Giuseppe Verdi, Nabucco, Act 2, Scene 1
Ben io t’invenni, o fatal scritto!
Aria: Anch’io dischiuso un giorno
Without doubt, Giuseppina Strepponi must receive credit for Verdi’s first operatic successes. Her performances in a number of his early operas not only reaffirmed her vocal prowess and international status — even Gaetano Donizetti wrote the title role for Adelia especially for her — but she also put Verdi on the operatic map. Verdi quickly realized the advantages of this professional relationship, and tailored the role of Abigaille in Nabucco to the natural strengths of her voice. But it was not just professional interest that drew him closer to Giuseppina. Ironically, it was probably Bartolomeo Merelli — impresario, librettist and manager of La Scala, and more importantly Giuseppina’s current boyfriend — who brought them closer together. Shortly after the death of Verdi’s wife Margherita in 1840, Merelli encouraged the young composer to find solace in his musical craft. He even promised that given two months notice, he would produce any opera Verdi could deliver. Some time later, he handed Verdi the libretto for Nabucco and told him to get on with it. Once Nabucco was completed, Verdi approached Merelli and announced that the opera was ready for performance during the 1842 Carnival/Lenten season.
At that point, however, Merelli was already producing three different operas, and he refused to take on Verdi’s work. Verdi was furious and wrote an entirely spiteful letter to the impresario. In the end Merelli relented, but only under the condition that Verdi show the score to Giuseppina Strepponi. If she approved of the opera, Merelli would produce it. And so it came to pass, that Verdi at once made an appointment with the famous soprano and went around one afternoon to her house. “I played the score through at the piano and Strepponi, over my shoulder, tried a phrase here and there. She liked it and suggested to call on Ronconi, the baritone I wanted for the title role. We quietly rode together in a carriage to his house, and Roncini, too, was excited by my music.” Merelli was finally convinced, and the premiere was scheduled for 9 March 1842. By all accounts, Giuseppe and Giuseppina became lovers at some point during rehearsals, but it really might all have started during the carriage ride. Of course, Verdi knew of her past and her illegitimate children, however, he easily recognized that Strepponi was an independent artist who simply supported a family and career. What was more important at this stage of their relationship, however, was to cultivate a budding friendship; she even became his financial advisor. Nabucco was a smashing success and Verdi celebrated by traveling to Vienna and to Venice. Gossip often follows fame, and it was suggested that he had torrid love affairs with every lady he knew. Mme. Appiani, the Contessa Maffei, the sopranos Frezzolini, Antoinetta Del Carmen and Gertrude Bortolotti are most frequently mentioned, but Verdi simply remained tight-lipped. Verdi and Giuseppina continued to cross paths, but less frequently so, as she was taking a break from the stage in order to cure her failing voice. It is still not known when the two actually fell in love physically and spiritually, but they certainly were an item in 1846.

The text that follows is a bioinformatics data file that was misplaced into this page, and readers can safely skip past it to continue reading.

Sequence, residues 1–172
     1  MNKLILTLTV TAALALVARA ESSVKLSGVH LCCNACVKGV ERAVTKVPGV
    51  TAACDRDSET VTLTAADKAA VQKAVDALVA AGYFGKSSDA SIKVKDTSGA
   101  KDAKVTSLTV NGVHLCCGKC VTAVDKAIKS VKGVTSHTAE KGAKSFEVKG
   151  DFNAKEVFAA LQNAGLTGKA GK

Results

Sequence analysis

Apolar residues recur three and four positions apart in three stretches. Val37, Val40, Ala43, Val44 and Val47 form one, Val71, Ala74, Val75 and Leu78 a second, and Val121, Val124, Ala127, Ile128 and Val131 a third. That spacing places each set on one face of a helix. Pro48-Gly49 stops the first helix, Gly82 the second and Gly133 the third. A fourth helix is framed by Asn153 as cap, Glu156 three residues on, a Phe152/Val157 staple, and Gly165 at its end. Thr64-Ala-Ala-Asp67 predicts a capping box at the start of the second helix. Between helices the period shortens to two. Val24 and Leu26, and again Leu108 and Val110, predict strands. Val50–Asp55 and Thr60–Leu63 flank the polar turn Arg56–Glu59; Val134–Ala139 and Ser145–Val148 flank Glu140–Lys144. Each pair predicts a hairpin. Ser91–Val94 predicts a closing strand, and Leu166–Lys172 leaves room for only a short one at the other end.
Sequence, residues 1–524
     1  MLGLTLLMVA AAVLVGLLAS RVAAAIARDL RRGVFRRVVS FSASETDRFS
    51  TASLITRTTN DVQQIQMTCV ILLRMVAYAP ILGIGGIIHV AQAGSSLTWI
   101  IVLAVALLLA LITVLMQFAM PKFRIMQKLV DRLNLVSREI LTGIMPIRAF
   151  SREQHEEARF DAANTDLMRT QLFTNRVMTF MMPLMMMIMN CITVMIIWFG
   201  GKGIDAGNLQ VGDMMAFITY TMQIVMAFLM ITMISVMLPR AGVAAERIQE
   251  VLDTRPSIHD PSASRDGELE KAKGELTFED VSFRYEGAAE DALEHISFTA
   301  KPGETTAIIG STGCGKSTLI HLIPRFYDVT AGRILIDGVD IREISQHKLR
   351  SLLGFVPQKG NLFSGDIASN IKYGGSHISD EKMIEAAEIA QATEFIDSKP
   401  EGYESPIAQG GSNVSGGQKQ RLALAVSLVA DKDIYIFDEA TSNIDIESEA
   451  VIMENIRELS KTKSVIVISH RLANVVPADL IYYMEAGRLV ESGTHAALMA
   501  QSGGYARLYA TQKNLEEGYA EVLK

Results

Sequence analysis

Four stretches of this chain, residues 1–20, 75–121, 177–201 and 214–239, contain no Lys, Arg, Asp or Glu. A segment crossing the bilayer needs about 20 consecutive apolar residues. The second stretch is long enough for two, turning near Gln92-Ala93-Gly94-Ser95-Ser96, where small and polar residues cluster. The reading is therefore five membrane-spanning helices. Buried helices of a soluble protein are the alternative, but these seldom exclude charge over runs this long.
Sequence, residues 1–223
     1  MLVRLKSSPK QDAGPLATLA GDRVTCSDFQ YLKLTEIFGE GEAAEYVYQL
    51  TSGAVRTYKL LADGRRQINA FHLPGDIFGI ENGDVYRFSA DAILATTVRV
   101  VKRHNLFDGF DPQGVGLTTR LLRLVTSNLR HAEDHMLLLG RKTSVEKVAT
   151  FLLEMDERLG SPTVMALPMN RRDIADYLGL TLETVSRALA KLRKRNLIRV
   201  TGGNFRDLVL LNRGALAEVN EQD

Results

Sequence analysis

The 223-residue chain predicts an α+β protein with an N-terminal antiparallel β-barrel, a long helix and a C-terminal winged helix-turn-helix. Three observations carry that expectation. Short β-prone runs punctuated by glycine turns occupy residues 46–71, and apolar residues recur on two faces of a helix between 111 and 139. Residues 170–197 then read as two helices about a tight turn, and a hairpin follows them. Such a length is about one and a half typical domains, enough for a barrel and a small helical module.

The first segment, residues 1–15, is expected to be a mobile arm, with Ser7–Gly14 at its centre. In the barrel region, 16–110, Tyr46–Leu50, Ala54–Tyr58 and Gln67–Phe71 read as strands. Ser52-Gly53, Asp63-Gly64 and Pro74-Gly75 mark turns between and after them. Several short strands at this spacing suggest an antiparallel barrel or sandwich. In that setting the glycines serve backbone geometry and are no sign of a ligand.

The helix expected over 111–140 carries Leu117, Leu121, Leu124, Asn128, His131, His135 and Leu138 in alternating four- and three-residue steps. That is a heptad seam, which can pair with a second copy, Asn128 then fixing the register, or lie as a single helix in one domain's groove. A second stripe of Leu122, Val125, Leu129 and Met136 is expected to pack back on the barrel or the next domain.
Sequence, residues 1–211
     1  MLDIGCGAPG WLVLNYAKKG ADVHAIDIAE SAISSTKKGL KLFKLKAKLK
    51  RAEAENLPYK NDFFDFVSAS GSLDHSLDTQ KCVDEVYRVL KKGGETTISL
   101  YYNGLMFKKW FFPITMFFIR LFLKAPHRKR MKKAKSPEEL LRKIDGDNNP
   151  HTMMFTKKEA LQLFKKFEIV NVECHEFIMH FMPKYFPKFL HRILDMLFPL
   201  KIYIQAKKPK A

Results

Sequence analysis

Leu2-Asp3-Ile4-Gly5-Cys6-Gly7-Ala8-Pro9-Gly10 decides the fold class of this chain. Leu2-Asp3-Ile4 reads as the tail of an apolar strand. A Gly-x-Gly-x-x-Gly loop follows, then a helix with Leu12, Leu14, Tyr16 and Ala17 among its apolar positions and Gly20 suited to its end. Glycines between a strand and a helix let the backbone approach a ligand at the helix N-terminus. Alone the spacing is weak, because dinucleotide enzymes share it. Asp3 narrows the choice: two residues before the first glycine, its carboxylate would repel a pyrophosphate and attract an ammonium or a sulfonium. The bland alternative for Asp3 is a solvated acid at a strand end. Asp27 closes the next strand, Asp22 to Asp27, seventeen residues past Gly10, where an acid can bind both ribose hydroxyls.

Verdi had stopped in Paris to oversee his production of Jerusalem — his first commission from the Opéra de Paris — and Giuseppina eagerly helped him to amend parts of the libretto. The vocal score published by Ricordi appeared with the dedication to “the distinguished singer, Signora Giuseppina Strepponi.” For a while they conducted independent lives. Strepponi, having ended her singing career, focused on establishing a singing school in Paris, while Verdi was fulfilling professional engagements throughout Italy. By 1848, however, they had officially set up house together in Paris. Giuseppina was exceedingly successful in her new teaching endeavors and entirely happy to be stationed in Paris, but for some inexplicable reasons Verdi wanted them to live in the town of Busseto, the home of his former and dead wife Margherita! According to legend, he wrote Giuseppina a glowing letter declaring his love. That letter was sealed, and she kept it unopened for the rest of her life. She frequently referred to it as “my most treasured possession,” and intended to be buried with it. When Guiseppina died, the letter could not be found. It was only discovered much later among her personal things. And in case you are wondering, the letter remains sealed until this day!
- Hedda Gabler: Manuscript on fire!
Johan Svendsen and Sarah Levett Learn about the inspiration for Hedda Gabler
- Béla Bartók In and Out of Love Music composed by Béla Bartók after his breakup
- “Narrative of a Dying Love”
Othmar Schoeck’s Elegie How to express the fear of losing one’s lover in music
- Haydn and the Merry Widow
Joseph Haydn and Rebecca Schroeter Intimate letter found from Haydn's "London Notebooks"